By Saleem Khan
As governments and other agencies spend more money on adaptation to climate change they want to know that their investments are effective.-that adaptation will keep development on track, that there is a fair distribution of costs and benefits, and that climate resilience is being built. But evaluating adaptation policy and practice is not easy. Some approaches are unhelpful because they fail to integrate adaptation and development, use purely quantitative methods and do not include the perspective of climate vulnerable groups in their assessments. Enabling countries and organisation to effectively evaluate adaptation requires an inclusive approach built on sharing knowledge among all stakeholders-that can capture behavioural and institutional changes and that answers to the needs of the climate vulnerable people, says Simon Anderson, Head of IIED’s Climate Change group.
On the other hand GEF explains that evaluations provide lessons learned from the first generation of adaptation interventions, from the development of National Adaptation Plans for Action to innovative approaches to specific adaptation problems. To explain in detail, the Marrakesh Accords adopted at COP7 in December, 2001, established three funding mechanisms for adaptation activities: the Least Developed Countries Fund (LDCF), the Special Climate Change Fund (SCCF). These funds are managed by the GEF and have generated more than $395 million in project financing for adaptation activities in developing countries worldwide during the past decade. If including data on alternate adaptation funds more than 250 projects are currently being financed amounting to about $965 million. However, the full cost of adaptation has been estimated by the World Bank and through previous COPs as amounting to $75-100 billion annually. While current funding falls short of reaching this goal, new funding mechanisms are emerging that may be able to assist with reaching these financing goals.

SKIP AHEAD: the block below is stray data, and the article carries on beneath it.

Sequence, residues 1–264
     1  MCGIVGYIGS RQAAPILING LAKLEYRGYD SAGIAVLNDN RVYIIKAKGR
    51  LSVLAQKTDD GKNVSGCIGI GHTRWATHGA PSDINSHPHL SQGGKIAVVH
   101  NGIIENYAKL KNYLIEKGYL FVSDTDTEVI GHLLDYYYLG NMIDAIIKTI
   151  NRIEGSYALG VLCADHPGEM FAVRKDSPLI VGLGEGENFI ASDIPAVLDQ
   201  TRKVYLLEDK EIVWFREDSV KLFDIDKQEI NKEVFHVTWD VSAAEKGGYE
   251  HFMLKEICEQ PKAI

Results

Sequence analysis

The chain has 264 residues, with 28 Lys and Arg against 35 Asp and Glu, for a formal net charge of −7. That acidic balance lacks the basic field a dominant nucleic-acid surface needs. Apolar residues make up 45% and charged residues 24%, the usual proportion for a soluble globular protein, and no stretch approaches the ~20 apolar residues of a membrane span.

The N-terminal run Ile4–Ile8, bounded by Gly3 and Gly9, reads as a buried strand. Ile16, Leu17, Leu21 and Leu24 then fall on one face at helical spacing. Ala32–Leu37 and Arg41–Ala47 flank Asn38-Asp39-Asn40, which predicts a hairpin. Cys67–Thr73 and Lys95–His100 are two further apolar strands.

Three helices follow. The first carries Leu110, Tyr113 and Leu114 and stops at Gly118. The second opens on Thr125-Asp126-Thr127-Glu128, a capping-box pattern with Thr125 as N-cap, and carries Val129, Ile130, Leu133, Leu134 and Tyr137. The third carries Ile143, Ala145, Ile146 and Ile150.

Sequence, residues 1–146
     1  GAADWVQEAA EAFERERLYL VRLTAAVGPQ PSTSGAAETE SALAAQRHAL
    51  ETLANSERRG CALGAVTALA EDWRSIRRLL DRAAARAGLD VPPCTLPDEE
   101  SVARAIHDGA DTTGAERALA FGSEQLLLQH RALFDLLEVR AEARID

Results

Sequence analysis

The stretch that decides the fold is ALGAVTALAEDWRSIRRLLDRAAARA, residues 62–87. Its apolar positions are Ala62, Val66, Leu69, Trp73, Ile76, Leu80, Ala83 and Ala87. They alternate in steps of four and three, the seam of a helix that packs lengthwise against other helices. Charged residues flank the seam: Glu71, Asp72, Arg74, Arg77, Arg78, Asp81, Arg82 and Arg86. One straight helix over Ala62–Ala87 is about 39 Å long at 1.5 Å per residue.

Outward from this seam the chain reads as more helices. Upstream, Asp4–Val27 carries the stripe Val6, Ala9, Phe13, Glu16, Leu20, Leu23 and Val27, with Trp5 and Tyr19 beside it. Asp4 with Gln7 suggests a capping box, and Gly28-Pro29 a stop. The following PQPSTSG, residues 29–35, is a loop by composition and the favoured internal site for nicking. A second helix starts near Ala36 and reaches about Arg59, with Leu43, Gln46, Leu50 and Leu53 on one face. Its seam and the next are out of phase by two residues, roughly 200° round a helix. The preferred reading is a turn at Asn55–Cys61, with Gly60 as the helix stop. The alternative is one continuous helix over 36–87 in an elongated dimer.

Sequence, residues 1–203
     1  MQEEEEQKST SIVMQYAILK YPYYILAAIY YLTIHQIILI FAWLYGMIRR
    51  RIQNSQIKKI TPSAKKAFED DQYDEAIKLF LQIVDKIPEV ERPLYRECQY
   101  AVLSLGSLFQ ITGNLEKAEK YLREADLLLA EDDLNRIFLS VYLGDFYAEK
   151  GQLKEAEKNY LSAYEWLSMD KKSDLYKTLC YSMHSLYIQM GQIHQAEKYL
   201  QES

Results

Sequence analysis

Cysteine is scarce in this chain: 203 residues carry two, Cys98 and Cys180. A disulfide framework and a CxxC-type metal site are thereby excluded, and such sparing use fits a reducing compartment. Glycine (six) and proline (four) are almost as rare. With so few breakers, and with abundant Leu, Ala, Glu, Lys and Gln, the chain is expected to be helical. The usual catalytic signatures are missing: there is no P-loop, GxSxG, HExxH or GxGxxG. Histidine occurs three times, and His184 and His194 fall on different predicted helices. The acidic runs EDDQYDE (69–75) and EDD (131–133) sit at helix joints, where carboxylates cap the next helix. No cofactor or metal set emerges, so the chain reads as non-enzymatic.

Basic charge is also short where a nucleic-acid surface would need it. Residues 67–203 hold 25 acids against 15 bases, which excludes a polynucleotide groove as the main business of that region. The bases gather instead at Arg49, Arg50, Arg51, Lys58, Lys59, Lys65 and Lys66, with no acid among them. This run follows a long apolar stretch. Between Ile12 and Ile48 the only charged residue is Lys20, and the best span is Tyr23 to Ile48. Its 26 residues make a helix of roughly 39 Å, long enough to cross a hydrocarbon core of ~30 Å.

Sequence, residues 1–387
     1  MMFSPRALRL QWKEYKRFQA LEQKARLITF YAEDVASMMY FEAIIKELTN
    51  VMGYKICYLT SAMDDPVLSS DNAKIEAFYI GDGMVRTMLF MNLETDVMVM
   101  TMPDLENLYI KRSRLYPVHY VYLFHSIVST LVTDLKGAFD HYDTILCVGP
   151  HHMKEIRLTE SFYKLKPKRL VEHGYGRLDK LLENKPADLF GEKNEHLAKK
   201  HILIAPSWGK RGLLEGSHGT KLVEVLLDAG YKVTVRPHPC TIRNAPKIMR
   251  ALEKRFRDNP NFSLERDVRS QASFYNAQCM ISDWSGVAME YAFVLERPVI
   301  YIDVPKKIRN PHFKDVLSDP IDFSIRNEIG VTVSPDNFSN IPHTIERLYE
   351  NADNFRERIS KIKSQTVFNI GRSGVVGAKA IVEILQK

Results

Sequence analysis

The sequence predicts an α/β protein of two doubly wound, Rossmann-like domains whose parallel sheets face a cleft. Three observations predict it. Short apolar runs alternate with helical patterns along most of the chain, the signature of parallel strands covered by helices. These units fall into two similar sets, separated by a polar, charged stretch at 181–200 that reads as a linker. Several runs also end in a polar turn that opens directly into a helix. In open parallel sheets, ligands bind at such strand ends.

Lessons learned from recent evaluations of the LDCF, SCCF and SPA carried out by GEF evaluation office revealed that any further financing mechanisms may be able to draw on the experience and expertise that these funds have generated so far. Evaluating adaptation is still a new subject; however GEF exhibits the development of pioneering an AMAT (Adaptation Monitoring and Assessment Tool) as well as through frameworks and guidelines for evaluating adaptation.